I’m standing in a tangerine dream, camera focused along the tunnel before me, wanting more than anything to be alone.
I’m not as antisocial as it sounds, it’s just I’ve been standing here for a good 15 minutes and every time I go to take the shot some doddering human appears from around the corner, and much as I like collecting photos of complete strangers in hiking trousers who are looking at the camera in a vaguely alarmed way, I’d rather just have the empty tunnel if I’m honest.
I’m at Fushimi Inari, basically losing sight of the true splendour of a place because I’m so busy trying to photograph it so the joke’s on me ultimately. This amazing temple is built at the foot of a sacred mountain, which is criss-crossed with paths shaded by thousands of orange gates.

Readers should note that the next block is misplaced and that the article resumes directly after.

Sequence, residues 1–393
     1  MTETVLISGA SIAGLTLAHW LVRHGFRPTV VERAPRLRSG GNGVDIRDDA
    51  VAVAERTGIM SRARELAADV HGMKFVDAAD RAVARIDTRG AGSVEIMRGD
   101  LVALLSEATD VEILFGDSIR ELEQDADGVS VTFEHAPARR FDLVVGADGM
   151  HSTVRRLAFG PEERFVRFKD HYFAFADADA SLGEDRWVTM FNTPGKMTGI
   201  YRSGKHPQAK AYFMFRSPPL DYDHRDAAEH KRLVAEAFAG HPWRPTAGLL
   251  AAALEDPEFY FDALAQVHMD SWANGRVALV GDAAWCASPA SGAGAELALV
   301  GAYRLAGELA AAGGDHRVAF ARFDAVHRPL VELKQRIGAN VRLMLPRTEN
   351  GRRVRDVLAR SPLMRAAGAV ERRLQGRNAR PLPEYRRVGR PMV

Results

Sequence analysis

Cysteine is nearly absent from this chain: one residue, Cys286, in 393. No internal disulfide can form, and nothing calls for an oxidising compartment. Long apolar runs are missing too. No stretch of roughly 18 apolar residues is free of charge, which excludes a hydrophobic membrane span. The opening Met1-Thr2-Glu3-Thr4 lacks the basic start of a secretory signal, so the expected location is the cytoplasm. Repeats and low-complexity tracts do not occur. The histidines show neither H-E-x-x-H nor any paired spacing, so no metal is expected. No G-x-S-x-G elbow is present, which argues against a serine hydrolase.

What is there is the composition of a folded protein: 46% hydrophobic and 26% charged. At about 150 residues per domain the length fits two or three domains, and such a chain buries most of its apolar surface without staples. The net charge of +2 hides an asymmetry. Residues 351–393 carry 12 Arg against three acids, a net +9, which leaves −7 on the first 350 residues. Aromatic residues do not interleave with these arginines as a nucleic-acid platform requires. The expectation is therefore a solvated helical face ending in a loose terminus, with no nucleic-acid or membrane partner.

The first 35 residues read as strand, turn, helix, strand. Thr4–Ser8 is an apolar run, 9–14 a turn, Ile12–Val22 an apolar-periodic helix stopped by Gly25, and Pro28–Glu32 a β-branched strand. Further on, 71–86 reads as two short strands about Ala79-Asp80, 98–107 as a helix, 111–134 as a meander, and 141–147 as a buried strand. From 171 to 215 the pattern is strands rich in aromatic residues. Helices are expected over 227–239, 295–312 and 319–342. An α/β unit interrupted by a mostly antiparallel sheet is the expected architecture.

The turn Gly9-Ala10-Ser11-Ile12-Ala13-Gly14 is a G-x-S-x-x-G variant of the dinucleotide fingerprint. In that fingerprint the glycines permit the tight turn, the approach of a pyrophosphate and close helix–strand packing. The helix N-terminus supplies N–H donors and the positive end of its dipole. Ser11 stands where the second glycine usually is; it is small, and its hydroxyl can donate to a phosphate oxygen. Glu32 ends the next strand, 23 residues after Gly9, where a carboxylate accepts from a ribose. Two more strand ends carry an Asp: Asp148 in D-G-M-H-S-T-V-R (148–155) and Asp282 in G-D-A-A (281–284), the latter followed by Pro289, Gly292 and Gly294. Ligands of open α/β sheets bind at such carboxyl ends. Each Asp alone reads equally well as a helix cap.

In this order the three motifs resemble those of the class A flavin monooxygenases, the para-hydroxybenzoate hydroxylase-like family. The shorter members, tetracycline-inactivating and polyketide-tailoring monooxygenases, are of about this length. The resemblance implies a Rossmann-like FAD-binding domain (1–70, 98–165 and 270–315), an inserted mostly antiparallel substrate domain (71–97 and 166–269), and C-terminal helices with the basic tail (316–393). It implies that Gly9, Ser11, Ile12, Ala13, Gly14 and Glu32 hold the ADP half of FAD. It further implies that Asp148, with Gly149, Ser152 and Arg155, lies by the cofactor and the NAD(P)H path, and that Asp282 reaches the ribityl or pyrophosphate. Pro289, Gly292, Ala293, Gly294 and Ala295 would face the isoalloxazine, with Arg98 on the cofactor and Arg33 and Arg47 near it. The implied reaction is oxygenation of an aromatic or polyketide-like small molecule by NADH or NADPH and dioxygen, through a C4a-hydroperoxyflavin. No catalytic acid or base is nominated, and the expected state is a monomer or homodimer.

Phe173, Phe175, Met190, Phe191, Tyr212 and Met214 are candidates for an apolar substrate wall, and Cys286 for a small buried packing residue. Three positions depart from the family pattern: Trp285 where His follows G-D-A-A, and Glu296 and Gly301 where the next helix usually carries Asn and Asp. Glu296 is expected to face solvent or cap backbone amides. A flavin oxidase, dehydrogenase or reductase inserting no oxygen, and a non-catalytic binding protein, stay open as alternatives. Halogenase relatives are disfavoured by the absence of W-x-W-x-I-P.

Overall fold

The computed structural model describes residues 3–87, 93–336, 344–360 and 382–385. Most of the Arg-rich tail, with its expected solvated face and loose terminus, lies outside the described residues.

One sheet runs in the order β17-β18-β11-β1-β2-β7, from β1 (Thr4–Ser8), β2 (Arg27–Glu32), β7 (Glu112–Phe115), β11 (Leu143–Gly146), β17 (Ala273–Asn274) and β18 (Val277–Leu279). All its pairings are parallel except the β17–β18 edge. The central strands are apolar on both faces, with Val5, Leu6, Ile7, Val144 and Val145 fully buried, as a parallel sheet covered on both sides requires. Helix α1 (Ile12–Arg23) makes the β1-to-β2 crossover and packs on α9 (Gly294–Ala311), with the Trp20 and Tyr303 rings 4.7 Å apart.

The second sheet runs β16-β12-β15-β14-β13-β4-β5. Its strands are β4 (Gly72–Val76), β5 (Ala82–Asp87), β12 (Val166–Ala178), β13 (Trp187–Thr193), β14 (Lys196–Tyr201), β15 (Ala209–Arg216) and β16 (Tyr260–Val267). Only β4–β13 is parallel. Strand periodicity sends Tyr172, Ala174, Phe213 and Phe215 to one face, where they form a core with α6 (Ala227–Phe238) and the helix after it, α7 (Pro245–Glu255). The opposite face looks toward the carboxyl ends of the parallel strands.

Inari is the Shinto god of rice, hence the fox statues watching over many sections of the path. They are said to be Inari’s messengers. A much more spiritual role than they have in the UK where the only rice they’re likely to be associated with is egg-fried and guzzled fresh from a tipped wheelie bin. Seeing them represented by these statues I’m reminded of how we overlook their potentially regal qualities.
Eating eggs, throwing eggs
At the bottom of the shrine is a food market selling all kinds of treats, from skewers of barbecued beef to trays piled high with yakisoba, and best of all, freshly cooked okonomiyaki. It’s an omelette cooked on a hotplate piled high with delicious toppings and then smothered in okonomi sauce which is a little like plum sauce. I have to eat it with chopsticks while perched on a wall and wind up looking a bit like this:
That evening, from across the continents, comes a request from old work colleagues in the UK. A good friend is leaving and they want a little video clip for their leaving do. As a result a singular scene unfolds which involves me sitting in our traditional Japanese house lip syncing to Wilson Phillips whilst my husband prepares to lob a hard-boiled egg at my face (it’s a long story but needless to say I would do anything for said friend).
Part of me hopes the Airbnb host isn’t secretly filming us. Part of me hopes they are.